Apple pie is one of those recipes that takes longer to type out the break down 0f the steps involved in assembly than it takes to make.  My recipe says: “cinnamon, br sug 1/2c-1c, let sit a while, lil flour if soupy, 400 degrees, 45m-1h, pan under for drippings.” This was the boiled down essence of my conversation with my mother and I know precisely what this means.  Unfortunately it does not translate well to others.  D would chide the fact that “apples” are not listed.  I’d argue it’s an apple pie, of course there are apples so there’s no need to write it in (just like my hummus recipe does not list chick peas).  How many apples? It’s also irrelevant to list exactly since it is as many as you need to over stuff your pie shell, which is equal to an eyeballed guess while filling a bowl as to how many you think you can squeeze in there before you’ll have problems.

Ingredients:

  • pie crust (See previous post for easy stir and roll crust recipe)
  • 2 1/2 to 3 lbs of apples (equal to roughly 8-10 apples)
  • 1/2 to 1 cup brown sugar
  • 2 tbsp cinnamon
  • 1 to 2 tbsp flour

Directions:

  1. Peel the apples and slice into bite size chunks into a large bowl.
  2. Add the brown sugar to the apples and stir well.
  3. Add the cinnamon to the apples and stir well.
  4. Let the apples sit for at least half an hour and up to several hours, stewing in the cinnamon, sugar, and their own juices.  This is what makes the pie extra yum!
  5. Preheat the oven to 400 degrees.
  6. Prepare your pie crust (this will depend on the type of crust you’re using).  Frozen crusts work in a pinch, but nothing beats the taste of homemade.  A decadent butter crust would be awesome, but the easy stir and roll recipe from my previous post is a good standby, no frills, “I want pie now” type crust.
  7. With the stir and roll: mix all the ingredients together. Use your hands to press the dough together and ensure the ingredients are evenly distributed and incorporated.  Squish it into a ball and cut it in half with a knife.
  8. Flatten 1/2 the dough into a hockey puck disk between two sheets of wax paper. Roll out the dough until it is large enough to cover the bottom and sides of the pie dish.
  9. Remove the wax paper from one side of the dough, slide your hand underneath the other sheet of wax paper and plop the rolled dough into the pie dish.  Remove the other sheet of wax paper from the top of the dough.
  10. Using the tines of a fork, poke holes around the bottom and sides of the bottom pie crust.
  11. Check the apple mixture.  Give it a good stir to see how much soupy liquid has accumulated.  Stir a tablespoon or two of flour into the apple mixture if it’s soupy.
  12. Pour the apples into the waiting pie crust, mounding them towards the center.
  13. Roll out the other half of the pie crust as before.  Plop it on top of the pie. Cut off any excess that overhangs the sides. Use your hands to pinch the top crust to the bottom crust, then go around the perimeter with a fork, pressing the crusts together.  Cut some air vents in the top of the pie.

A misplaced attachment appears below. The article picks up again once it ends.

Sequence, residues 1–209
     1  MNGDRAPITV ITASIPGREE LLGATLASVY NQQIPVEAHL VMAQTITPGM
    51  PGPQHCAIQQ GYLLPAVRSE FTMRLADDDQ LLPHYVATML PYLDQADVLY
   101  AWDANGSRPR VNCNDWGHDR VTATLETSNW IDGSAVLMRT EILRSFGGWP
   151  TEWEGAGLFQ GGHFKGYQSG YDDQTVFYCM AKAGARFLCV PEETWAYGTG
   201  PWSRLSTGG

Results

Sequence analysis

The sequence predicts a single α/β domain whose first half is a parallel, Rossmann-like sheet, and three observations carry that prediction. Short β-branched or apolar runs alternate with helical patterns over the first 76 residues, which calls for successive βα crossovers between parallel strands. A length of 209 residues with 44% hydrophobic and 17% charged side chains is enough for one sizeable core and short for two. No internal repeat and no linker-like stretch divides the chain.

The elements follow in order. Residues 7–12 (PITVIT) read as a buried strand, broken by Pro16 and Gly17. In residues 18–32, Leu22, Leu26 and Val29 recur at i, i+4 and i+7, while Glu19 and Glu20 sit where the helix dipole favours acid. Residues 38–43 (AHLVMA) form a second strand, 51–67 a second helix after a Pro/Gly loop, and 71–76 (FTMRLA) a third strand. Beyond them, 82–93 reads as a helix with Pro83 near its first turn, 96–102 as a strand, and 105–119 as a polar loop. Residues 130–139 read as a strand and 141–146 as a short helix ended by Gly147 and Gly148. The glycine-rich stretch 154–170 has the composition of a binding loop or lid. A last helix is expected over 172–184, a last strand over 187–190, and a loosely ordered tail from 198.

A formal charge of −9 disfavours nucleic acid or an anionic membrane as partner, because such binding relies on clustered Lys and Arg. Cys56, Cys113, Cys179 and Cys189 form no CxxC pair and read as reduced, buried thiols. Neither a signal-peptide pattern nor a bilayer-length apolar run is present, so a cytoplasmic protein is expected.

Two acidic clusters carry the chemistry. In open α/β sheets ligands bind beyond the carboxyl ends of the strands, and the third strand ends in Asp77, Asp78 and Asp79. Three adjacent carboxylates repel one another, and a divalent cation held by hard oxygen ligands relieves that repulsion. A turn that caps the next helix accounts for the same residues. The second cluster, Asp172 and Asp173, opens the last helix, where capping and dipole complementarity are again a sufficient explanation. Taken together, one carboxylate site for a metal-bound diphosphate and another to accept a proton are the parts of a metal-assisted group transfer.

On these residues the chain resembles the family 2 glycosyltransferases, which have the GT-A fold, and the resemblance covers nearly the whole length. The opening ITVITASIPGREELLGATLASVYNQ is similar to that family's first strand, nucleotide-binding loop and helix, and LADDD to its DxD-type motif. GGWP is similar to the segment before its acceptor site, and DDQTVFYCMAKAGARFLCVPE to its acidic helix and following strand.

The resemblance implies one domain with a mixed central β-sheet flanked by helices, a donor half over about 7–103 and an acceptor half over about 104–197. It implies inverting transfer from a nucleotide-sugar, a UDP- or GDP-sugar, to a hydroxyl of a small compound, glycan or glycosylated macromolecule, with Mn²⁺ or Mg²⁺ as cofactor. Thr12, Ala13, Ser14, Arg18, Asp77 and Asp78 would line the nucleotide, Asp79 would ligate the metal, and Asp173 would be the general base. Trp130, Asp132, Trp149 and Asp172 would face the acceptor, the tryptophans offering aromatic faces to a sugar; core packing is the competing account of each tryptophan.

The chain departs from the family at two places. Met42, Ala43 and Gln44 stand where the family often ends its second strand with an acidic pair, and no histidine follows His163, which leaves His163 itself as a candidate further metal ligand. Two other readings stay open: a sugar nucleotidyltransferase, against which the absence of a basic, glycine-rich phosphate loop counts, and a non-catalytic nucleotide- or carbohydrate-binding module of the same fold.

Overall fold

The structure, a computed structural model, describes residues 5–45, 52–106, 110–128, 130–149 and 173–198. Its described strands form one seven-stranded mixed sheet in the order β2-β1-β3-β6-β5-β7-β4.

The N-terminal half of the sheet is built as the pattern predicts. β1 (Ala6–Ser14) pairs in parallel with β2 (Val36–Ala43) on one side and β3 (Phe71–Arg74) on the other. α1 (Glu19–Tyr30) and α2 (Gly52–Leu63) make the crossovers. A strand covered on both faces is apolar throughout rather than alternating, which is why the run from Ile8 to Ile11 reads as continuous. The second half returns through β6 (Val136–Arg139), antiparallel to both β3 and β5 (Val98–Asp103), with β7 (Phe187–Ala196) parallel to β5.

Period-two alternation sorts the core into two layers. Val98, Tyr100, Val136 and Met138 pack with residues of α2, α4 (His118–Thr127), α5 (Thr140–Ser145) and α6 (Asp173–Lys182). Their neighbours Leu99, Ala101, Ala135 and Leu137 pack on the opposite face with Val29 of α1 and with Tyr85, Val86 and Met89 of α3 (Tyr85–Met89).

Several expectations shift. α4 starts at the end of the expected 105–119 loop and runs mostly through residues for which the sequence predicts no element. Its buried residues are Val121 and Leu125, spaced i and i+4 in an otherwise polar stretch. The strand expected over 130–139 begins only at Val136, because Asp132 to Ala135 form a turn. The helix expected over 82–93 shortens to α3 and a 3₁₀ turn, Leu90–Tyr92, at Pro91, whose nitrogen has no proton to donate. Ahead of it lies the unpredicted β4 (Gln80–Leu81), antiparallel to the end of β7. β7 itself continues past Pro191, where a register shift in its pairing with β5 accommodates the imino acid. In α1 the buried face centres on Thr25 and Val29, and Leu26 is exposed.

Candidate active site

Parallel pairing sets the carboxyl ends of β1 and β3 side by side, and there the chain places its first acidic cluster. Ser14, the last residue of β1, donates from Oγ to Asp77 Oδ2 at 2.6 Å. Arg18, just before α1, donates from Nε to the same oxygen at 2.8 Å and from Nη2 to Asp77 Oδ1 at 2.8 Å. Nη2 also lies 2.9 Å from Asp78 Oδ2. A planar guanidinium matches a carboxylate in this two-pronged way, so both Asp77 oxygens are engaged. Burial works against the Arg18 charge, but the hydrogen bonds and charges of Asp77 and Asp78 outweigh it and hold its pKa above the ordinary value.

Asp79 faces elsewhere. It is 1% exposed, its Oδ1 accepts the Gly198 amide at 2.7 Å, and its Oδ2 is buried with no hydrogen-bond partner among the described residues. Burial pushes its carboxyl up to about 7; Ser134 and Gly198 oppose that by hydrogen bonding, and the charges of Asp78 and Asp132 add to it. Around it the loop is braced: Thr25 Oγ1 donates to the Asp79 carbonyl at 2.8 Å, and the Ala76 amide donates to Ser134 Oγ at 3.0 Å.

14. Place in the oven, with an empty baking pan underneath to catch any drippings.
  15. Cook at 400 degrees for 40 minutes to 1 hour until the top is beautifully browned, the mixture is good and bubbly and the apples are tender.

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Pumpkin Bread

My CSA is over, but I still have a coffee table piled high with squash and root vegetables in my fridge.  Fall in Boston settled in while I was vacationing the past week in Peru.  Inspired by the sudden crisp air and mounds of dried leaves that signal a New England fall, the first curcubita to fall under my knife was my cute little sugar pumpkin.  I turned him into two loaves of bread and am roasting his seeds as I type.

Pumpkin bread is in the same bread family as banana bread and zucchini bread.  The pumpkin adds moisture and a little bit of flavor to a loaf that is endlessly customizable.  I wanted an intensely spiced bread, easy on the sugar, with no nuts this time.  My results were not as spicy as I would have liked, so I upped the amount of cinnamon, cloves, and ginger listed in the recipe (I used tsp cinnamon, 2 tsp ginger, and 1/2 tsp cloves). D thought the bread needed to be sweeter, and one of the recipes I based this upon did use 3 cups for two loaves, but I think it was sweet enough.  Slather it in butter or devour it plain, this bread is always a good snack.

Sugar pumpkins are almost to dear to hack open

Ingredients:

  • 4 eggs
  • 1 cup canola oil
  • 1/2 cup water
  • 2 cups pumpkin puree
  • 3 cups flour
  • 2 cups sugar
  • 2 tsp baking soda
  • 1 tsp salt
  • 3 tsp cinnamon
  • 1 tsp nutmeg
  • 1 tsp cloves
  • 3 tsp ginger
  • 1 cup nuts (optional)

Directions:

One sugar pumpkin will yield 2-3 cups of puree.  Cut the pumpkin in half, scoop out the seeds and stringy pulp (set aside if saving the seeds). Place cut side down on a baking sheet and cook for 30-50 minutes at 350 degrees until tender.  Scoop out the cooked flesh and puree in a blender or food processor. 

  1. Preheat the oven to 350 degrees.
  2. Combine the dry ingredients in a bowl: flour, sugar, baking soda, salt, and all the spices.
  3. Beat the eggs in a mixing bowl.  Add the oil, water, and pumpkin.  Stir to combine.
  4. Pour the bowl of dry ingredients into the wet and stir to combine.
  5. Pour the batter equally into two lightly greased bread pans.
  6. Bake for 50-60 minutes until a toothpick inserted in the center comes out clean.

Enjoy warm or cold!